Toyota Camry Hybrid used car review
RACV rates the value and reliability of the second-hand Camry Hybrid.
Offering the practicality of a good-size family sedan, as well as miserly fuel consumption and environmentally friendly green credentials, the Toyota Camry Hybrid has a foot firmly planted in each camp. It looks smart, feels comfortable and has an easy-to-drive nature that’s just like most other cars. There are few of the compromises usually found in other hybrids.
The petrol/electric Camry Hybrid was introduced in 2010, but really established itself as a serious contender in the mainstream market with the second-generation model in 2012. Toyota smartened up the styling and presentation, found almost as much cabin and boot space as in the petrol version, added extra standard features and significantly improved the on-road ability.
This second generation, built in Australia, initially came in two relatively well-equipped grades, the base-model Camry H and the luxury-packed Camry HL. From 2015 the Hybrid drivetrain became available across the entire Camry range, except the Atara SX, as an alternative to the petrol-only models. All versions have seven airbags and a 5-star ANCAP rating.
Seamless switching, brisk performance
Toyota’s Hybrid Synergy Drive system can operate solely on petrol, on electric, or a combination of both. With the second generation, the Hybrid engine capacity was increased from 2.4 litres to a more powerful 2.5 litres, and with a high-torque electric motor the system delivers an impressive combined output of 151kW. Performance is brisk, with seamless switching between petrol and electric.
The electric motor adds a lot more punch off the line and down low. It will outrun its petrol-only compatriot and most other medium-size naturally aspirated four-cylinder cars. At the same time, the fuel consumption of around 5.0 to 6.5L/100km is approximately 33 per cent better than the equivalent petrol-only Camry, and pretty much class leading. The battery is charged while driving, with regenerative braking adding an extra boost. The Camry can run up to two kilometres on battery only, at speeds under 45 km/h.
Seating is comfortable and the cabin is generally quiet. The Australian-tuned suspension provides surefooted handling for this type of car, with a ride that is a touch firm but compliant enough to soak up most bumps. The brakes tend to have a strange pedal feel that’s not as easy to regulate as some, and the response can seem sudden.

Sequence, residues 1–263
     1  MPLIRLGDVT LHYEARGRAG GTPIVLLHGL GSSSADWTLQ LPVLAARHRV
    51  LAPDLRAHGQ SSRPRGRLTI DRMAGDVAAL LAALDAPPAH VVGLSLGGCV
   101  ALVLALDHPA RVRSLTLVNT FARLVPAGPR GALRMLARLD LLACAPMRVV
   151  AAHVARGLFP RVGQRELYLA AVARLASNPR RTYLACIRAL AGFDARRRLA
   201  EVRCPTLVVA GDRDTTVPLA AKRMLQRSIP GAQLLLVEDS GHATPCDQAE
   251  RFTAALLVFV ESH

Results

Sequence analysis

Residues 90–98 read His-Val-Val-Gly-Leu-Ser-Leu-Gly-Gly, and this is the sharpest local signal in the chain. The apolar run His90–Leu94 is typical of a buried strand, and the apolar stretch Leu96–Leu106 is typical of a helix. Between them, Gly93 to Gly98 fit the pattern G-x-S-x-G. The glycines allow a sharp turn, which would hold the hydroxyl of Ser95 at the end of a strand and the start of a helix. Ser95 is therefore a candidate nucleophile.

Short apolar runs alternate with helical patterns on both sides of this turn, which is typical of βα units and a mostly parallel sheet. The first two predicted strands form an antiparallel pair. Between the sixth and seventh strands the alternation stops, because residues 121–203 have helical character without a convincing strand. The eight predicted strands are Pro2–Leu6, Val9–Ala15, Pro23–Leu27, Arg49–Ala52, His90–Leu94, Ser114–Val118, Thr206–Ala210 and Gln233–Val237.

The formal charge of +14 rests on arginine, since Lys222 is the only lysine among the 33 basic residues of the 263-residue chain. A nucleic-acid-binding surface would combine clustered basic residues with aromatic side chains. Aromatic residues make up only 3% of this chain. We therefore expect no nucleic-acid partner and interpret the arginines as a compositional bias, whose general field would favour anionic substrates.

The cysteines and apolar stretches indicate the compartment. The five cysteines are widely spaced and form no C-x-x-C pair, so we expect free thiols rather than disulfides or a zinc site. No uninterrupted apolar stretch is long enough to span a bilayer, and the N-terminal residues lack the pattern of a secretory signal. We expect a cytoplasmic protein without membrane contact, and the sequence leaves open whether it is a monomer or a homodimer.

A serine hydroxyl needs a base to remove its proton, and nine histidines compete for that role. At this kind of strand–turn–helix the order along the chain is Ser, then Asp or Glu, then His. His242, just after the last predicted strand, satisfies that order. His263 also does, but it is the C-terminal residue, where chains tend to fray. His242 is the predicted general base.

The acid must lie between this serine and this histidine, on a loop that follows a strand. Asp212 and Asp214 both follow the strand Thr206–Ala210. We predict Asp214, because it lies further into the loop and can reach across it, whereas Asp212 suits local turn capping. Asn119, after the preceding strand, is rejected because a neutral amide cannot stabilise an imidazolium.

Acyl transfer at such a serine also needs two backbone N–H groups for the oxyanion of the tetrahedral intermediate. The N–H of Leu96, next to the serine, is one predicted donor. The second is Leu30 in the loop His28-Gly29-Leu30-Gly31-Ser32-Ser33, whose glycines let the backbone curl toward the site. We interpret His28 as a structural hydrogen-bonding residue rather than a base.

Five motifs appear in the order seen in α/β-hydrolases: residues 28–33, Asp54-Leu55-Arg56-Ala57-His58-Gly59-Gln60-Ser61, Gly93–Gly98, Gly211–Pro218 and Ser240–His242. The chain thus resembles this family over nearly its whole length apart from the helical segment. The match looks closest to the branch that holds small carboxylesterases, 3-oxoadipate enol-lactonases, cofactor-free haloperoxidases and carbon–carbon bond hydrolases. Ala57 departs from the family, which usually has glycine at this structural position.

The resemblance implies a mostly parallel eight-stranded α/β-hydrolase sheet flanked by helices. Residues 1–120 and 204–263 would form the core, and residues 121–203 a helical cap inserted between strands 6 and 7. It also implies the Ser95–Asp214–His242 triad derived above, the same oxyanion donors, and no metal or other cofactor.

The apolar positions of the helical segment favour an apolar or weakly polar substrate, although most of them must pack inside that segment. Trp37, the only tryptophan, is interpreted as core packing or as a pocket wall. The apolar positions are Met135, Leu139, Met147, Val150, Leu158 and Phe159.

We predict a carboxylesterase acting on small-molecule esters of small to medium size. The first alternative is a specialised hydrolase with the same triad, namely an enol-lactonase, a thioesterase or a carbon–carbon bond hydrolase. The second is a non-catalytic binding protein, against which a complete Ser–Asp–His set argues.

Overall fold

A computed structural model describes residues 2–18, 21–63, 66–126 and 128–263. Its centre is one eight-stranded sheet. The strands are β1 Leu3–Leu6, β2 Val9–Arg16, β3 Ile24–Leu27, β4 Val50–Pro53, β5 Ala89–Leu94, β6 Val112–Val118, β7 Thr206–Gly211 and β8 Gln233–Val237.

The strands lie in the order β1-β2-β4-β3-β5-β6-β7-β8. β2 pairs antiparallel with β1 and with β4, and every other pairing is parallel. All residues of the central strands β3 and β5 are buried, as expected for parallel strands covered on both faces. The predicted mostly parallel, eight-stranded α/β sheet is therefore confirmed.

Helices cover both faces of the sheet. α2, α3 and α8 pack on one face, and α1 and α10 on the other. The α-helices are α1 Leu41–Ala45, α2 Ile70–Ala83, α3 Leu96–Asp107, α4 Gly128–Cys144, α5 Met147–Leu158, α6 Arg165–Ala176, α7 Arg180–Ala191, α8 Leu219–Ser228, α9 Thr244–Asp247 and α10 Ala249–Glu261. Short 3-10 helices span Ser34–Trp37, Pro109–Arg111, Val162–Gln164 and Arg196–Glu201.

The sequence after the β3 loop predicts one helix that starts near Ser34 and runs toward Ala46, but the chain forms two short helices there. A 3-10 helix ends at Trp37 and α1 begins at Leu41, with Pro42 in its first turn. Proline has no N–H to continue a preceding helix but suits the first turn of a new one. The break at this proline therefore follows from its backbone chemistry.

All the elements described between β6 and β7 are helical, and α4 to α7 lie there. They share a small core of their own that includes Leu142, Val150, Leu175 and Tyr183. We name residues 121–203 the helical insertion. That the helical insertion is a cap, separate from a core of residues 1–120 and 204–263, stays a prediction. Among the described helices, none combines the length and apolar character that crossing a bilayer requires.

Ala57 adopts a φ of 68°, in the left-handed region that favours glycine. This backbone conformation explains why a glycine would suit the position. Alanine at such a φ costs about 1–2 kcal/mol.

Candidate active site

Toyota has long history with petrol-electric hybrids and Camrys are proving to be exceptionally reliable. Proper servicing is always important but be aware that the high-voltage side of the electric propulsion system should only be worked on by a properly trained specialist.
Life expectancy, reliability of the propulsion battery and cost of a replacement are common questions buyers ask. Our research suggests that there have been very few failures, even in high-kilometre taxis, and replacement costs have come down significantly. Like other cars, the Hybrid still has a conventional 12-volt battery and electrical system for starting, lighting and ancillary equipment, and if this battery goes flat the car won’t start.
Owners we spoke with were impressed with the solid construction and the high quality of fit and finish. The foot-operated park-brake, however, was an annoyance.
Towing has been a contentious issue with the Camry Hybrid. The maximum towing capacity has progressively improved but it’s still less than in many similar-size cars. Towing was not recommended with the original model, and for the second generation Toyota specified a mere 300 kilograms – just enough to pull a small trailer. In 2014 it was lifted to 1200 kilograms – same as the petrol Camry. Toyota recommends a 10 per cent maximum ball loading.
- These comments are from RACV’s experienced team of vehicle testers. Check out the full range of RoyalAuto car reviews, news and other motoring information at royalauto.com.au.
Toyota Camry Hybrid
Camry Hybrid H (2012-15) $16,100-$24,100
Hybrid HL (2012-15) $21,400-$30,400
Altise Hybrid (2015-17) $22,300-$27,200
Atara S Hybrid (2015-17) $23,800-$29,600
Atara SL Hybrid (2015-17) $29,600-$36,000
Approximate Glass’s Guide prices
Fuel consumption: Expect 5.0 to 6.5L/100km depending on hybrid use.
Safety: Seven airbags, including knee airbag. ESC. ABS. Hill-hold assist. 5-star ANCAP rating.
Towing: Varies with model year, ranges from 300kg to 1200kg.
The competition: Ford Mondeo diesel, Mazda6 diesel and VW Jetta.